St. Amand’s focus is on highlighting the francophone community on campus, promoting bilingual services
This interview is part of our series of articles profiling the francophone affairs commissioner candidates in the upcoming general elections for the University of Ottawa Students’ Union (UOSU) that will be held from March 25-27. All candidates were asked the same set of questions for consistency. Answers have been edited for length and clarity.
The Fulcrum: Tell us a bit about yourself, including your year and program at the U of O.
Marissa St. Amand: I am a third-year student studying political science and communications. I am from Saskatoon, Sask.
The Fulcrum: What previous experience makes you well-suited to be the UOSU’s next francophone affairs commissioner?
MSA: As I said, I am from Saskatchewan, but I am a francophone from Saskatchewan. I have been passionate about bilingualism, and the French language my whole life. I have been very involved in the U of O community and I was the director of bilingualism for the International, Political & Policy Studies Student Association. I worked for the Bilingualism Centre in first semester. Overall, I’m pretty involved in most things francophone at the U of O.
The Fulcrum: Why are you running to be francophone affairs commissioner? What projects or goals do you hope to accomplish if elected to be the UOSU’s francophone affairs commissioner?
MSA: I definitely see a lot of potential in the francophone community in the U of O. If I were elected, I would focus a lot on making the community more visible and heard in terms of promoting French services and bilingualism on campus, especially in terms of the service centres and what they have done to offer their services in English and French. I would make sure that there are more French events during 101 Week, different networking events for francophones and francophiles to learn French.
The Fulcrum: What areas of weakness do you see in the UOSU that you would like to improve on next year?
MSA: At the moment, it is definitely still being rebuilt as it is still a new union. I wouldn’t say that there are any huge weaknesses per se. As I said, it is still a work in progress and the more student involvement and engagement we can get, the better it will represent the student body. I would definitely focus on engaging the students and listening to them and seeing what they have to say.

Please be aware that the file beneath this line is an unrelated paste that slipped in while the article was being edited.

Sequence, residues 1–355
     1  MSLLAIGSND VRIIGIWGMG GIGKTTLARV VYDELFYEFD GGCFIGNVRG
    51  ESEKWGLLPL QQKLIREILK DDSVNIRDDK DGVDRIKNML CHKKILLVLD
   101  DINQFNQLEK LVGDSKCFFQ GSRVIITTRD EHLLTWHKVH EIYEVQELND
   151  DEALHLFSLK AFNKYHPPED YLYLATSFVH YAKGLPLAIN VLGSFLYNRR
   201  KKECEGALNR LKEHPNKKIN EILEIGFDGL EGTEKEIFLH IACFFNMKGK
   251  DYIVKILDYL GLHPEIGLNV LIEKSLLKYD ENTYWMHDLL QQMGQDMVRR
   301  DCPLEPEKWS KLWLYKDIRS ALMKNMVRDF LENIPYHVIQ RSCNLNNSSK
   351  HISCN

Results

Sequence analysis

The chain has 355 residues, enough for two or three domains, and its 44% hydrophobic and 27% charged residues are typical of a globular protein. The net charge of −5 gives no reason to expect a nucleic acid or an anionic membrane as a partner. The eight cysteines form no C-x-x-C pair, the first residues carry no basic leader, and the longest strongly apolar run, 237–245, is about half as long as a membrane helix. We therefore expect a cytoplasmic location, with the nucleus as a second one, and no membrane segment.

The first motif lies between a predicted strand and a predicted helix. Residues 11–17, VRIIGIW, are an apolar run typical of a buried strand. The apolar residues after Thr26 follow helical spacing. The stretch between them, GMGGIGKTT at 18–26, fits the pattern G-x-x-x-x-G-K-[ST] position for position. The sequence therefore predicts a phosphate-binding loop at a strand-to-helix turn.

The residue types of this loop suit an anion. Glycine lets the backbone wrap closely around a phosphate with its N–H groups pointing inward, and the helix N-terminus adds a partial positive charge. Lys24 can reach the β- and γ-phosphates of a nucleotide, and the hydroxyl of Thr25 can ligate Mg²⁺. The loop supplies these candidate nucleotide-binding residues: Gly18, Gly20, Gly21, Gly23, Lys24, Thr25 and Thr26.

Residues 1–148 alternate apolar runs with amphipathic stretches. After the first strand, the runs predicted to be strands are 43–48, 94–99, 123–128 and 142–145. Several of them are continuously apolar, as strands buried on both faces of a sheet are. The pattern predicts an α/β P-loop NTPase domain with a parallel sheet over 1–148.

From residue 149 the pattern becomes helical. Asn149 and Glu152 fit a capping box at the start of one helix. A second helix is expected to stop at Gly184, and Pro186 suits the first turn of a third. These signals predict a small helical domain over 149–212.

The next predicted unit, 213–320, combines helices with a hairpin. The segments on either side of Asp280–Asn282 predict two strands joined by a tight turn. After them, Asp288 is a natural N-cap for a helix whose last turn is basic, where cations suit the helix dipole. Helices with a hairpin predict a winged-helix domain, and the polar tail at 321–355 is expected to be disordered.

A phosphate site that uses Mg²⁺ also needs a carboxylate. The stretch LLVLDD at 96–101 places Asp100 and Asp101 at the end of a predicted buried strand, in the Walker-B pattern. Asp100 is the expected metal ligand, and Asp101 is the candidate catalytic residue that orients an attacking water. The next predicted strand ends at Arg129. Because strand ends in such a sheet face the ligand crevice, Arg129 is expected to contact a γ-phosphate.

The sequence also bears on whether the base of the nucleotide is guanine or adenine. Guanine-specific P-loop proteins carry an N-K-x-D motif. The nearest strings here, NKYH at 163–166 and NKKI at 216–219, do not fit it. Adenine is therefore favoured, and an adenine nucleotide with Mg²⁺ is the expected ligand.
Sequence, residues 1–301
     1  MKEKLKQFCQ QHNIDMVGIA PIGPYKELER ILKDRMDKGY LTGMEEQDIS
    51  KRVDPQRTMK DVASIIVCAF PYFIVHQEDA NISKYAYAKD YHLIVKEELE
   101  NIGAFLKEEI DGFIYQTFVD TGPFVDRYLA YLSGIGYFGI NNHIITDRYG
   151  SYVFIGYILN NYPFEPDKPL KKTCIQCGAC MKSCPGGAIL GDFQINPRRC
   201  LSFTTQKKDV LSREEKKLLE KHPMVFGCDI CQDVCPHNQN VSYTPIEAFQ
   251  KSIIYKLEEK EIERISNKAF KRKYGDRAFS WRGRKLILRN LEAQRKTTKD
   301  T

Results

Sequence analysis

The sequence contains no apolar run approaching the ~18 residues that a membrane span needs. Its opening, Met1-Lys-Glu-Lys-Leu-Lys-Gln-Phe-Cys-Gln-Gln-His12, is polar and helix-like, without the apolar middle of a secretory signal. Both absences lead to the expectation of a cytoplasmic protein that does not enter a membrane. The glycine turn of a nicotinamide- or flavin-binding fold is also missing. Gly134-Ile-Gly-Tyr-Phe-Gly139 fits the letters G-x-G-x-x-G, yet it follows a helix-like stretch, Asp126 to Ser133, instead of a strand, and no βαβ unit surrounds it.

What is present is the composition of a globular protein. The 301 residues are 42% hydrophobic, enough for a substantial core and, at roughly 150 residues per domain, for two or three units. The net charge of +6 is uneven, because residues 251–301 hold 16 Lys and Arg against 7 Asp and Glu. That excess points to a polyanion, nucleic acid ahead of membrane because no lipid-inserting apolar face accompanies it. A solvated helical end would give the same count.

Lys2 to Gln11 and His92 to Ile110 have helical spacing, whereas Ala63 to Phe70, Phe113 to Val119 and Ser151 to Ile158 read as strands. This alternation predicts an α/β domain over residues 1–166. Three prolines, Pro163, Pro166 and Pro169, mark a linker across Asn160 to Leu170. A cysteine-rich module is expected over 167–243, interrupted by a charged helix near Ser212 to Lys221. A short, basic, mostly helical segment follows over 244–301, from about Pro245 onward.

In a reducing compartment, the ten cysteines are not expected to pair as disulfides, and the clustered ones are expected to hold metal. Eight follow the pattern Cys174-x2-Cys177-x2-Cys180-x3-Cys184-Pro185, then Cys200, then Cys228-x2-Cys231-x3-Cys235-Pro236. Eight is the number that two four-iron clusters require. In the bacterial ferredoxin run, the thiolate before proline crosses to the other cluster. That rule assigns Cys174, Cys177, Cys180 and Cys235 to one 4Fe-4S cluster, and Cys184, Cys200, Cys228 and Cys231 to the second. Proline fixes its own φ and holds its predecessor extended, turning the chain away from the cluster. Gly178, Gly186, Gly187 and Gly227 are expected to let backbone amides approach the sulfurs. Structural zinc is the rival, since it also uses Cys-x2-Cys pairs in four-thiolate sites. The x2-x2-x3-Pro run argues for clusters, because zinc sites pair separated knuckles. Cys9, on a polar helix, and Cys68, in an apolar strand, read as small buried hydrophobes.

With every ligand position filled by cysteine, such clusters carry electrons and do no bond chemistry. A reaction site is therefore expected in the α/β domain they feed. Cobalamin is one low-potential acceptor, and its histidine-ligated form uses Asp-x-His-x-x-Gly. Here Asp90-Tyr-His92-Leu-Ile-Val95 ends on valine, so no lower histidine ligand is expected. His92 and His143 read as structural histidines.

In my platform, I am pushing to have a more intersectional approach, in terms of the commissioner’s mandate, but also just for UOSU as a whole. Working with all the different service centers like the RISE Centre, Pride Centre, Centre for Students with Disabilities — just to make things more inclusive and accessible to everyone and make sure everyone’s voices and concerns are heard.
The Fulcrum: What programs do you want to oversee that are aimed at francophone students?
MSA: I mentioned a couple of them, but I would like to make sure that 101 Week and events like that are more welcoming to francophone students and engage the francophone community as well. I’d really push to promote the second language tutoring that the Bilingualism Centre offers so that more people can have access to bilingualism and learn a second language, or whatever language it may be. I know that it’s a service that’s offered but very few people know about it.
The Fulcrum: How will you advocate for francophone students and promote bilingualism and francophone representation? How will you push for accessibility for francophone students?
MSA: I think I touched on that but to reiterate, I would like to put the focus on listening to students and what they need, and just being open to ideas and really engaging with students. The advocacy part would come with having more events aimed towards students but also listening to them and bringing their concerns to the table when it comes to making decisions within the UOSU and ensuring that any concerns they have are heard and taken into account.
The Fulcrum: Why should students vote for you?
MSA: Students should vote for me if they would like a francophone community or a U of O community that is more visible, engaged, included and inclusive. If they want someone who is passionate and is ready listen, and to make sure that their opinions and concerns are heard and taken into account.
Read our interview with Daphnée Veilleux Michaud, who is also running to be the UOSU’s francophone affairs commissioner. Stay tuned for our interview with Rony Fotsing, who is running to be francophone affairs commissioner as well.